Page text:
There are many great options available if you want to adopt a dog from an animal shelter or breed rescue organization. Here is how to get started.
1. Use the Web
Sites like Petfinder.com and Adopt-a-Pet.com can have you searching for a Spinone Italiano in your area in no time flat. The site allows you to be very specific in your requests (housetraining status, for example) or very general (all the Spinone Italianos available on Petfinder across the country). AnimalShelter.org can help you find animal rescue groups in your area. Also some local newspapers have “pets looking for homes” sections you can review.
Social media is another great way to find a dog. Post on your Facebook page that you are looking for a specific breed so that your entire community can be your eyes and ears.
2. Reach Out to Local Experts
Start talking with all the pet pros in your area about your desire for a Spinone Italiano. That includes vets, dog walkers, and groomers. When someone has to make the tough decision to give up a dog, that person will often ask her own trusted network for recommendations.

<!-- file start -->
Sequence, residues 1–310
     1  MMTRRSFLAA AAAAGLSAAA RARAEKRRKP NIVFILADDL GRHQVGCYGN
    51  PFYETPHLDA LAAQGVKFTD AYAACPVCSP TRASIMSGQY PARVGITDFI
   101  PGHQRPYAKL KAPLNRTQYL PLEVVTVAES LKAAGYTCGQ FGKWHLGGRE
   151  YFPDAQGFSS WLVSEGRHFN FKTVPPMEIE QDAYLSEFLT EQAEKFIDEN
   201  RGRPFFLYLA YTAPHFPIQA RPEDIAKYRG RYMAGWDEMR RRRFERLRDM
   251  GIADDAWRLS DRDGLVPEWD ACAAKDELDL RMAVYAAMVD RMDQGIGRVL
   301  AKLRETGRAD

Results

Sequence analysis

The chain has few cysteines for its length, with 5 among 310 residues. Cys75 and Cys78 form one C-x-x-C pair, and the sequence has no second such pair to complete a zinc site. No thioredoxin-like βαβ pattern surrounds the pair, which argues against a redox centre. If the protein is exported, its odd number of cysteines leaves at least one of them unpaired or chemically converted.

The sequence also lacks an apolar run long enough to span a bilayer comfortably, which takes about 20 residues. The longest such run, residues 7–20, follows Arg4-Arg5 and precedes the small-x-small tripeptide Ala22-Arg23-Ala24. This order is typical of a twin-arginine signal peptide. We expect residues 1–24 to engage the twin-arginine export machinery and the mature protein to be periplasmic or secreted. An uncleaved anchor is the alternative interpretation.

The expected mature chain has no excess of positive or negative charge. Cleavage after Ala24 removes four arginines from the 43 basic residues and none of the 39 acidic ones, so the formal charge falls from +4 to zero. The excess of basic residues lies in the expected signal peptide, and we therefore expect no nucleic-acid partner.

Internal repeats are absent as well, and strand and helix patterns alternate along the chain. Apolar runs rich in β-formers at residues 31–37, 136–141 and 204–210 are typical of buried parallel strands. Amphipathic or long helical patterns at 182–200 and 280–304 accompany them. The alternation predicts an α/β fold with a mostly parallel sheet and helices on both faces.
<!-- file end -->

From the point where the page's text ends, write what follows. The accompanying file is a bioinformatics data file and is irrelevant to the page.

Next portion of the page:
3. Talk to Breed Rescue
Networking can help you find a dog that may be the perfect companion for your family. Most people who love Spinoni love all Spinoni. That’s why breed clubs have rescue organizations devoted to taking care of homeless dogs. The Spinone Italiano Club of America’s rescue network can help you find a dog that may be the perfect companion for your family. You can also search online for other Spinone Italiano rescues in your area.
The great thing about breed rescue groups is that they tend to be very upfront about any health conditions the dogs may have and are a valuable resource for advice. They also often offer fostering opportunities so, with training, you could bring a Spinone Italiano home with you to see what the experience is like.
4. Key Questions to Ask
You now know the things to discuss with a breeder, but there are also questions you should discuss with shelter or rescue group staff or volunteers before you bring home a dog. These include:
What is his energy level?
How is he around other animals?
How does he respond to shelter workers, visitors, and children?
What is his personality like?
What is his age?
Is he housetrained?
Has he ever bitten or hurt anyone that they know of?
Are there any known health issues?
Wherever you acquire your Spinone Italiano, make sure you have a good contract with the seller, shelter or rescue group that spells out responsibilities on both sides. Petfinder offers an Adopters Bill of Rights that helps you understand what you can consider normal and appropriate when you get a dog from a shelter. In states with “puppy lemon laws,” be sure you and the person you get the dog from both understand your rights and recourses.
Puppy or adult, take your Spinone Italiano to your veterinarian soon after adoption. Your veterinarian will be able to spot problems, and will work with you to set up a preventive regimen that will help you avoid many health issues.